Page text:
Posted on Leave a comment

Stacking Worm Bins Improved

The Stacking Worm Systems Improved

There are worm growing trays built to stack. The trays are perforated on the bottom with the understanding that you can put new trays over finishing trays and the worms will migrate upwards to follow the food. For examples: Worm Factory, Vermihut, Can of Worms…lots more including DIY.

When I first used one, the not yet used trays were always in the way. Either they were stacked empty on top of my working tray or they were laying around taking up floor space (or they got misplaced). It turns out the directions I read did not tell you what to do with the spare trays. So, I worked out a better way.

First of all, keep them in the stack so the empties don’t disappear. Second put those empty trays UNDER your working tray(s). This holds the top working tray at a convenient height for working with. Any worms who want to make a break downwards hit the dry empty tray below and get back up home in a hurry. This heading home is much better than hanging out in the puddle at the bottom.

Third, use the bottom tray as an ‘emergency’ worm catcher above that drip tray. Put a little bedding in the tray but no worms. If any worms do fall down from above they will land in this friendly zone and again will not fall through to the bottom puddle. If any food or drippings fall, this bottom tray stops them in a healthy composting zone. If both worms and food fall, they make a nice home there together until you feel like moving that bit of wormy bedding up into your working tray.

So, you feed the topmost working tray with food and bedding until it is ¾ or more filled with well broken compost. It is not yet vermicastings because it is still full of lumps – food and not yet composted bedding. Stir that top tray as often as the urge grabs you. Some say stirring slows egg production. I have never had that as a problem and stirring speeds up the food eating and worm growing.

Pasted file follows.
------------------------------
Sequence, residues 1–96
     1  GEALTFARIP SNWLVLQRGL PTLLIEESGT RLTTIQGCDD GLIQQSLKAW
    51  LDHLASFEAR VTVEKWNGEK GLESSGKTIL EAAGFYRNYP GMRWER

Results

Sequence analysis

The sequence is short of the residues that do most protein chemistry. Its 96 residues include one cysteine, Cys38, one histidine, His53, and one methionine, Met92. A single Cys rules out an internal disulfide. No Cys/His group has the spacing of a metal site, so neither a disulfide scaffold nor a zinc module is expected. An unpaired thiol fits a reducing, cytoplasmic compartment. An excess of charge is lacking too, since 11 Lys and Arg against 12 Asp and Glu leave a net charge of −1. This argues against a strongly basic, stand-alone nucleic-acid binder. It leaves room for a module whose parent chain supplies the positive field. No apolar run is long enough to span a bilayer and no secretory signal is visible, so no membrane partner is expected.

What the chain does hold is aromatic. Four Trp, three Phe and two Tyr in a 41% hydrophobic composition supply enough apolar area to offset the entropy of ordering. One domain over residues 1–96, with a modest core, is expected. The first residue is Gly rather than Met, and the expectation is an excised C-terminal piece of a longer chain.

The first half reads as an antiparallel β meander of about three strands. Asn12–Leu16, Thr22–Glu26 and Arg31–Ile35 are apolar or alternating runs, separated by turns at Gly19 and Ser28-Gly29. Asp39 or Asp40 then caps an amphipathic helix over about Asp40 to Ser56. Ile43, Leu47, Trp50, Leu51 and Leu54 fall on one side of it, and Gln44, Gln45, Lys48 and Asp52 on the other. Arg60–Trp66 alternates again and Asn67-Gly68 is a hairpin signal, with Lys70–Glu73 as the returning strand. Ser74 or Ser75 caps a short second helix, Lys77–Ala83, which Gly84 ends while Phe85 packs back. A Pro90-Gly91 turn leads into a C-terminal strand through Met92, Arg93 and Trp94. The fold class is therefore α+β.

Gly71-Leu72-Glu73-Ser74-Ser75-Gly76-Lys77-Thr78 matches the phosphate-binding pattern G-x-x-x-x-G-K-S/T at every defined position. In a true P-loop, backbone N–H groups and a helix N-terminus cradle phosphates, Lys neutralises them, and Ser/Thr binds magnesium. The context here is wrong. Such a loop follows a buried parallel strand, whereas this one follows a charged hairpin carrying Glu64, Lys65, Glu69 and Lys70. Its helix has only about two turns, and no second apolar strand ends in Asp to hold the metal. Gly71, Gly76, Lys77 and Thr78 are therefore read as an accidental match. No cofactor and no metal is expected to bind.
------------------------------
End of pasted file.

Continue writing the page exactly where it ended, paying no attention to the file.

When the working tray is well filled with compost and worms, move an empty tray to the top. Put in bedding and food to get it started, (more bedding than food to start). This would be a good time to promote the bottom ‘catcher’ tray to the top (and start a fresh bottom tray). Continue feeding and stirring the top tray. After the initial load of bedding, add just enough fresh bedding to keep the working bed loose. Maybe a 3 to 1 ratio of three servings of food for every one serving of fresh bedding. Now, ignore the trays below the top working tray. Food only goes into that top tray. The second tray and especially the third tray are maturing. Leave them alone except for the occasional admiring glance.

Each tray can take two to three months to fill. If you fill faster, then you need more trays to give the maturing trays time to finish. You harvest the lowest tray when it looks like dirt (almost no lumps) and only if you need that vermicompost. The filled trays can stay in the stack forever or until you need to empty a tray to rotate it to the starting position on top. This means the trays can easily take six to nine months to be ready.

I did not believe in the stacking systems until I used one. It turns out they can be fun.

Leave a Reply

Your email address will not be published. Required fields are marked *